If you’re someone in sales and you’re thinking about your career, you’re reading about what Terry had to share. You’re saying, “I want to make moves like that. I want to do something dynamic in my career. I want to show up differently this year. I want to make some big changes, some big moves.” Again, visit Evolve Your Success and you can also select Attain a Medical Sales Role or Improve Sales Performance and get in contact with us. You can reach out to us on LinkedIn. You can find me under Samuel Adeyinka. Send a connection request or send a message and one of our client specialists or myself will get in touch with you and show you what you can do to get your career where you want it to go. We always do our best to bring you wonderful guests every single week and bring you value and new information about the health care sales industry. What’s changing, what’s happening from people that experience it and we will always continue to do so. Make sure you tune in next time for another episode of the show.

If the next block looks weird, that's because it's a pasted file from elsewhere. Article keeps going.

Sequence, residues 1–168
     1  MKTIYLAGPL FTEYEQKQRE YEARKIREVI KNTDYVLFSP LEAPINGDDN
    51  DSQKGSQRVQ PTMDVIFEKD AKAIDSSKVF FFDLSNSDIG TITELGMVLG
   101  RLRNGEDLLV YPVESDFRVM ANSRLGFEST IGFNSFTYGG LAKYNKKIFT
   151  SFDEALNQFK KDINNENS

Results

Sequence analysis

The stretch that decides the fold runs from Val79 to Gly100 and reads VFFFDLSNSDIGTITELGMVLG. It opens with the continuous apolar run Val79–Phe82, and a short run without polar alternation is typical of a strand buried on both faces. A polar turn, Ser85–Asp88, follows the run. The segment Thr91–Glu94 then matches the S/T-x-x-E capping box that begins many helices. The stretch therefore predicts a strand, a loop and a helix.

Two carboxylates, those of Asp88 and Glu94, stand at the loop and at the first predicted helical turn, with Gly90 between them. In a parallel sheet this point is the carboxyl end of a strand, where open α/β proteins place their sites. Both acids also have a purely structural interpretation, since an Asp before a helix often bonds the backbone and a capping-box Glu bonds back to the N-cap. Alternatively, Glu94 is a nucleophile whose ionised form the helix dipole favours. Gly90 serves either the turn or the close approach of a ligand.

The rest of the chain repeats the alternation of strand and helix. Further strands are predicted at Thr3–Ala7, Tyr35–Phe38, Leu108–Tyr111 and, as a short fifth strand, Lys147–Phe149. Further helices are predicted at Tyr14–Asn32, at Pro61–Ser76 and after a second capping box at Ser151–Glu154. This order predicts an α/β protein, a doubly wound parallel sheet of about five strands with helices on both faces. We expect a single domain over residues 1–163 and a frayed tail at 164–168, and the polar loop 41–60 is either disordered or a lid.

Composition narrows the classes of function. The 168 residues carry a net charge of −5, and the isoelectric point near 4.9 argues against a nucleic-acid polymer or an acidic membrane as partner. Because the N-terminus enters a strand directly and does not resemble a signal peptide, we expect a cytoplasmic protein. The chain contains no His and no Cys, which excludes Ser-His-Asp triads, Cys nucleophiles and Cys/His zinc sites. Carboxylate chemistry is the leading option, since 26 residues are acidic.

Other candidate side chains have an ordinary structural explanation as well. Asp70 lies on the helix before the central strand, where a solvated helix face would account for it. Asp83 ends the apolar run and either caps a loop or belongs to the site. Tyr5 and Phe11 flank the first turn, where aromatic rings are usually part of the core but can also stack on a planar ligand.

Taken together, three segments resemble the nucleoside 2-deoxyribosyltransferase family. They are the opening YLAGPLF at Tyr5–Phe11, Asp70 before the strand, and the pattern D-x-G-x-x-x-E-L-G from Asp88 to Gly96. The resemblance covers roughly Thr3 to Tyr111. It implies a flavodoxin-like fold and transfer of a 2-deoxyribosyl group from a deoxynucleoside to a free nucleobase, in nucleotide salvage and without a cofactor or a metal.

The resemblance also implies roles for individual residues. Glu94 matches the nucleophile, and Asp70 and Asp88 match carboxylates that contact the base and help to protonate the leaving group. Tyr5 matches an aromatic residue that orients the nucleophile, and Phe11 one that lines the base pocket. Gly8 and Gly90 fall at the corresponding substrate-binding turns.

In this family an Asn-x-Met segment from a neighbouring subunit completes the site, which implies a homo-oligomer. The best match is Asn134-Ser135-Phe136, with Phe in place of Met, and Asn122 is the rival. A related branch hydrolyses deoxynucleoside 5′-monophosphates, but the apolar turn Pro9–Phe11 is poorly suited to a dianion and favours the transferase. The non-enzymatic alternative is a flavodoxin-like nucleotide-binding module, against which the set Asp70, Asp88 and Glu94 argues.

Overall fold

Transformational sales, marketing, and sales operations leader.
Key Experiences: Regional, Area/Zone and National Field Sales Leadership, Enterprise Wide Strategic Accounts Leadership, and North American leader of Marketing, Sales Operations, and Communications.
Specialties: Revenue development and generation, strategic business planning, sales execution, CRM and Tech Stack Execution (Design, Development, and Adoption), digital and sales process transformation, sales education and skill development, empathetic and accountable leadership, talent acquisition and development, pricing and contract negotiations, organizational effectiveness (structure and alignment), and Winning Sales Culture initiatives.